California court says people with HIV can be sued for passing virus, even if untested

Keith Alcorn
Published: 05 July 2006

The California state supreme court has ruled that people can be sued for transmitting HIV to a sexual partner - even if they don’t know their HIV status. Ruling in a case where lawyers had demanded that a man disclose his previous sexual history in order to prove whether or not he had infected his wife with HIV, California judges yesterday decided that the defendant should have been aware that he was at risk of having caught HIV.

The case was brought as a result of a lawsuit initiated by Bridget B, who married John B in 2000. She is suing her former husband to compensate for emotional distress and fraud following her discovery that she was HIV-positive in October 2000, four months after she married John B.

John B’s lawyers claim that he was still HIV-negative six weeks before his wife tested HIV-positive, and that he was infected by his wife. Bridget B’s lawyers say that when John B was confronted about his HIV status, one year after Bridget B had been diagnosed with HIV, he admitted that he had sex with men before their marriage.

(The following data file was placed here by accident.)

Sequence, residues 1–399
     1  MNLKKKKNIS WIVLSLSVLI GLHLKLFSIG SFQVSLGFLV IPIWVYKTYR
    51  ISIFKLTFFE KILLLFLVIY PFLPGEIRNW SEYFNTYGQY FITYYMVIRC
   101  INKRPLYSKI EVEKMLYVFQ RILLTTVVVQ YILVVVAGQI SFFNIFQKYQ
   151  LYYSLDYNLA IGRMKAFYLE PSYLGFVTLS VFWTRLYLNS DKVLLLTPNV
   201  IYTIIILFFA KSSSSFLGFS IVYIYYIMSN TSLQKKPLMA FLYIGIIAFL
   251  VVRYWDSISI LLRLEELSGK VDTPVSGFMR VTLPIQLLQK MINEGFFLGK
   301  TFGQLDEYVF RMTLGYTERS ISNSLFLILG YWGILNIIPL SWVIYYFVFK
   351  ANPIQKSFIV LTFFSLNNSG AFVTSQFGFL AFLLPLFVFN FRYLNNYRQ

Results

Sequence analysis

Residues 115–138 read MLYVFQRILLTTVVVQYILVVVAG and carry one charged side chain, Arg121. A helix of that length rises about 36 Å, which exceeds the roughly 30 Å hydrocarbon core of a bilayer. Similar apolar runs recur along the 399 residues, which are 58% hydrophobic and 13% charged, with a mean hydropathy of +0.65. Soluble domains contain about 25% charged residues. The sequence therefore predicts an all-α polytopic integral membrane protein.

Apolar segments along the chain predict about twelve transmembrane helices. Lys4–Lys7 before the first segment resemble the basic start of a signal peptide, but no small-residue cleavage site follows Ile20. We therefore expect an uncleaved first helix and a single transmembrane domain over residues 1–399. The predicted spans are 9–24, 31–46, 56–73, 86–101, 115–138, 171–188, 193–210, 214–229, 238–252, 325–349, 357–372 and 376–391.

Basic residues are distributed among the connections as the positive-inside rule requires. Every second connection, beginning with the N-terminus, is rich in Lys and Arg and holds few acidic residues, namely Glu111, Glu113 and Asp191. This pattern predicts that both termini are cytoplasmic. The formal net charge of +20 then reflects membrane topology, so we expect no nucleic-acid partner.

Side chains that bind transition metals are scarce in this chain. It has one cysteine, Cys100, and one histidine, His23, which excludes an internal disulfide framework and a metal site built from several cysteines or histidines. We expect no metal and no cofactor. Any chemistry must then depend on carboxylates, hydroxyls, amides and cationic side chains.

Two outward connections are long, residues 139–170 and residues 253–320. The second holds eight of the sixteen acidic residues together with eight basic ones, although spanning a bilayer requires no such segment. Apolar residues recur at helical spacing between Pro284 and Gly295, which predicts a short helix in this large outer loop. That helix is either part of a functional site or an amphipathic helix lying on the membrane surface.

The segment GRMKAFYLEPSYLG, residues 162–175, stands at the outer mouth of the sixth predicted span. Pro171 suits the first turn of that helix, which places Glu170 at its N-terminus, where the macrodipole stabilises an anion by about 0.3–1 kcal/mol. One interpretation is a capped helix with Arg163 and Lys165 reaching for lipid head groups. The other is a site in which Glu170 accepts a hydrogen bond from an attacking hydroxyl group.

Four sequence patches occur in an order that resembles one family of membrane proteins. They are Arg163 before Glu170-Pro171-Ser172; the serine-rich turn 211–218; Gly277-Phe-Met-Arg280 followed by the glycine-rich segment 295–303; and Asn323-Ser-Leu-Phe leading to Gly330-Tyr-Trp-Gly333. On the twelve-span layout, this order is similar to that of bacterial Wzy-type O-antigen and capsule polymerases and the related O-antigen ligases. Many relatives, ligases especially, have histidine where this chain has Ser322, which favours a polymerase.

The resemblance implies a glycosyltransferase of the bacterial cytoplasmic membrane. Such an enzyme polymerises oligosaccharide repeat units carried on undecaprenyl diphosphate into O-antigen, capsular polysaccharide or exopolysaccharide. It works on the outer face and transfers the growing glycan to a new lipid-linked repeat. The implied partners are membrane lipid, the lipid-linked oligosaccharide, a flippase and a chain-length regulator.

California’s supreme court was asked to decide whether an individual who has reason to know that they might be HIV-positive (so-called `constructive knowledge`) should be required to reveal their previous sexual history in a lawsuit. It was not asked specifically to determine whether unwitting HIV transmission could be grounds for liability in a civil case, nor to determine whether unwitting HIV transmission is a criminal offence (only the Califonia legislature has the power to make that decision).

The decision was criticised in a minority report by two members of the state supreme court, one of whom said that the judgement contradicted state policy, but in the majority opnion Judge Marvin R. Baxter argued that allowing lawsuits based on constructive knowledge – when it is reasonably foreseen by a reasonably intelligent actor that their actions could lead to harm – created the right incentives for HIV testing. Otherwise, he concluded, people might avoid being tested so as to make sure they could not be sued by their partners.

Justice Carlos Moreno, dissenting from the majority opinion, predicted that the ruling would lead to “a spate of vengeance lawsuits brought by plaintiffs whose motivation is not so much to discover how they contracted HIV as to force lucrative settlements or embarrass a former sexual partner.”

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